Three Common Ways a Will Dispute Can Arise

When a loved one passes away, the distribution of their assets and property can be a source of conflict among family members and beneficiaries, even when a will is available. Wills are legal documents that outline a person's wishes for the distribution of their assets and property after their death. Thus, they must be very clear to avoid confusion and potential disputes.

Unfortunately, when will disputes arise, they can be emotionally and financially stressful for families. Here are a few reasons why a will might be disputed.

Challenges to the validity of the will  

A will can be challenged because it is not legally valid. Some of the reasons that it may be found to be invalid include:

  • Lack of proper execution: A will should be properly executed according to the laws of the state in which it was made. To typically create a valid will, the testator must sign it in front of at least two witnesses, who must also sign the document. If the will is not properly executed, it may be challenged as invalid.
  • Lack of testamentary capacity: The testator must have the mental capacity to make a will at the time it was created. If the testator lacks testamentary capacity, the will might be challenged.
  • Undue influence: A will may also be challenged if it is believed that the testator was coerced or unduly influenced into making the will. This may happen if the testator was subjected to physical, emotional, or psychological pressure that caused them to make decisions that were not in line with their wishes.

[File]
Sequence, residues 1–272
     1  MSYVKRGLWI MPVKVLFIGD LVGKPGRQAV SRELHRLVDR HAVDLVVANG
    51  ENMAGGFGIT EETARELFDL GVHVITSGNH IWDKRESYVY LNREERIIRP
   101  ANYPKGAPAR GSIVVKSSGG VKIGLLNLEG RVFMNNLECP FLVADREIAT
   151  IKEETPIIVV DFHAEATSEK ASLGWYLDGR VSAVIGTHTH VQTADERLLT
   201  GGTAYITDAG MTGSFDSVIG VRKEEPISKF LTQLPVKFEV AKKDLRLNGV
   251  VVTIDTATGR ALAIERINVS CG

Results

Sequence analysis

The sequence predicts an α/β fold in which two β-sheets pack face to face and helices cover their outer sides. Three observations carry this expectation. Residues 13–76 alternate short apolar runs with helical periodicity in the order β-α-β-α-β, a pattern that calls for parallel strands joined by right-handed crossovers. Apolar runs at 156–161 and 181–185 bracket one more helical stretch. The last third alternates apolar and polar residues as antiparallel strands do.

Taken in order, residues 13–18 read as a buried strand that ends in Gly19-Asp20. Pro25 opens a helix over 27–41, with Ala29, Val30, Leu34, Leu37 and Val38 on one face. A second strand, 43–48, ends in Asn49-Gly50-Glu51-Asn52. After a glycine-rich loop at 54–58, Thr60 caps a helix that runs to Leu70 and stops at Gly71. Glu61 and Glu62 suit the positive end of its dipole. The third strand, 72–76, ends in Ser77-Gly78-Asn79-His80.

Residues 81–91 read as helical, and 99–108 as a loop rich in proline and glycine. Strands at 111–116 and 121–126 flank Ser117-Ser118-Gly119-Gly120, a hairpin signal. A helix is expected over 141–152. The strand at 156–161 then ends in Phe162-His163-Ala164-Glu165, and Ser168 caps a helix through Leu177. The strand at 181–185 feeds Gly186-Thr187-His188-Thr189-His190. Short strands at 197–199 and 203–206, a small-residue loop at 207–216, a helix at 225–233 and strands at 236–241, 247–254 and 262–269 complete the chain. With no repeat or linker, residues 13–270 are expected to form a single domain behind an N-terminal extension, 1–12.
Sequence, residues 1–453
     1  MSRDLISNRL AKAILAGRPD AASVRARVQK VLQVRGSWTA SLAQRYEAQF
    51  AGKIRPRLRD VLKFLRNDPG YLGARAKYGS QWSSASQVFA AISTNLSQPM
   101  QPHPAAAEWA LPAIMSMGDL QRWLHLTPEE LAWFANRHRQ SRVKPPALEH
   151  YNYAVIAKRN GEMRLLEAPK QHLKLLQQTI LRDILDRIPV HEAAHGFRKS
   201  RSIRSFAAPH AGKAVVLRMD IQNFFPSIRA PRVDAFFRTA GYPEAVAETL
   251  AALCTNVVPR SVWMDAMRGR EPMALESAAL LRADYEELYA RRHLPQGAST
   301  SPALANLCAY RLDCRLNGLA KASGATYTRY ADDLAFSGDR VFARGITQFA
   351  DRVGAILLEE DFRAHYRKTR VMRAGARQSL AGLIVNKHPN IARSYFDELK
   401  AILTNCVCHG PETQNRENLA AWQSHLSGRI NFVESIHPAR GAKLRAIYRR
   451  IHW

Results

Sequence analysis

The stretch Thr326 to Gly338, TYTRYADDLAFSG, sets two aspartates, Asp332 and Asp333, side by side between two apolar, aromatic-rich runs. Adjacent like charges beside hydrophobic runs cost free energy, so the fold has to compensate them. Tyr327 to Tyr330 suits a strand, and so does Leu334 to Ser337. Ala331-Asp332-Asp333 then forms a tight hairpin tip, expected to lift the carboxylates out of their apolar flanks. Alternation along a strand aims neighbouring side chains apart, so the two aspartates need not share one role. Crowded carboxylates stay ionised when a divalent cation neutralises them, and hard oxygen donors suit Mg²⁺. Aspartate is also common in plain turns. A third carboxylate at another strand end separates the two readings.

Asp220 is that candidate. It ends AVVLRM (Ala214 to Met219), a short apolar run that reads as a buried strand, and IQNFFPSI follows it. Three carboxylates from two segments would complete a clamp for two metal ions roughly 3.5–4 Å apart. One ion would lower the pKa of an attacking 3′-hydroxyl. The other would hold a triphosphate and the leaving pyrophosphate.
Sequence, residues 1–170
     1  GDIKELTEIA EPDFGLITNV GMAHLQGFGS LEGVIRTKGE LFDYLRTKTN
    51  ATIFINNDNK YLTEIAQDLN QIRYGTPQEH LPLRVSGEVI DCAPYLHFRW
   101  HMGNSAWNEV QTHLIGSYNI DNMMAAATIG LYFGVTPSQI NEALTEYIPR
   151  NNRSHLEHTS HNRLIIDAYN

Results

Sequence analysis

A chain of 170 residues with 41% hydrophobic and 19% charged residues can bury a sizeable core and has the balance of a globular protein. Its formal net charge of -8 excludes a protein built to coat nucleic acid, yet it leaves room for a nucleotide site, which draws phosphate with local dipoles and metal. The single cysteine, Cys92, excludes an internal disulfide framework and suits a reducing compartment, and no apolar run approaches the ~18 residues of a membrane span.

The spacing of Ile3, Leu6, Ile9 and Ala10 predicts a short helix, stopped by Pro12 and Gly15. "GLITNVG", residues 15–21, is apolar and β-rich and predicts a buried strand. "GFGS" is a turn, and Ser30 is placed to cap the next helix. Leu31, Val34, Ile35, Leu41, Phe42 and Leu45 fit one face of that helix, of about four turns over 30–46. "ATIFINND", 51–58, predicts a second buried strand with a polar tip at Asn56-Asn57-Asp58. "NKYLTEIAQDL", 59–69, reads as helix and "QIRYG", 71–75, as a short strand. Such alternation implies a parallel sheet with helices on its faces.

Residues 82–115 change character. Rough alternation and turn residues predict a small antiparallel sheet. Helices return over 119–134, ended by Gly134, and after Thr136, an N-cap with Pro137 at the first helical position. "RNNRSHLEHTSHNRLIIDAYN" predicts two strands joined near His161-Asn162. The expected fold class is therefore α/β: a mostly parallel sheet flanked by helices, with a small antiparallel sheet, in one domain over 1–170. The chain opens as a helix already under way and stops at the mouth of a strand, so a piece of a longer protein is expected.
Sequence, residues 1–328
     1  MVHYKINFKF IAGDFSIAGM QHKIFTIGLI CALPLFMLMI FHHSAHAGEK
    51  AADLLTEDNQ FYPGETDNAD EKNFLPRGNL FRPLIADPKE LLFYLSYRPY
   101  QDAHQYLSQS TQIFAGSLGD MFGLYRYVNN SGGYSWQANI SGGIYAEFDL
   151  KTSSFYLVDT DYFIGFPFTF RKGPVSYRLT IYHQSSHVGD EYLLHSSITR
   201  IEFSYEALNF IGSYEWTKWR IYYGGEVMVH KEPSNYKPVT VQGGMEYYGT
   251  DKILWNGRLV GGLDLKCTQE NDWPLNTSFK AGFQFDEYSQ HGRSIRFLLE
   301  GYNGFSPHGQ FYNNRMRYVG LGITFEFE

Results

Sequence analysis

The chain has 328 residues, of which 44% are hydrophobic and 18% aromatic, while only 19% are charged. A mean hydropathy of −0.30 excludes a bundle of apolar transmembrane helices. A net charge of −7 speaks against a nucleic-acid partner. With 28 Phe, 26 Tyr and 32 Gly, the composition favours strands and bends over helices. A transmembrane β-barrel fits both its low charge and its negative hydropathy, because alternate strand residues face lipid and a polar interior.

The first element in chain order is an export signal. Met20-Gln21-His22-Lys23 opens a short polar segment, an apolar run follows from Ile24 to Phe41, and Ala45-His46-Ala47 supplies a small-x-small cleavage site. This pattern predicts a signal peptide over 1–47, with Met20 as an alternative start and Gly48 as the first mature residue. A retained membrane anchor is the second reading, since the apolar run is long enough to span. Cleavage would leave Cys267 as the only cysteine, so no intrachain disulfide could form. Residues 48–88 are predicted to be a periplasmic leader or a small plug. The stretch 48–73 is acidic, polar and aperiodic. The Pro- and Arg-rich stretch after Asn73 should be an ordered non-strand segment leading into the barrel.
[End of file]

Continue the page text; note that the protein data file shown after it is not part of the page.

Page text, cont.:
Disputes over the interpretation of the will

Even if a will is found to be legally valid, disputes may arise over the interpretation of its terms. This can happen when the language of the will is unclear or ambiguous, or when different parties interpret the terms differently.

For example, if the will says that the testator's "beloved spouse" is to receive a specific asset, but the testator was divorced at the time of their death, it may be unclear who intended to receive the asset. These disputes may require the court to determine the testator's intent based on the language of the will and other evidence.

Disputes over the distribution of assets

Will disputes may also arise over the distribution of assets according to the terms of the will. This can happen when different parties disagree over who should receive certain assets, or when the terms of the will are deemed unfair or unreasonable.

For example, if the will leaves the majority of the testator's assets to one beneficiary and only a tiny portion to others, this may be seen as unfair by the disinherited beneficiaries.

It is important to note that will disputes can be complex and involve multiple parties with competing interests. Resolving these disputes can be time-consuming and costly, and it is often advisable to seek the guidance of an experienced lawyer to navigate the legal process. In the end, it is essential to resolve will disputes fairly and amicably to minimize the negative impact on relationships within the family.

For more info, contact a company like Young and Muggleton.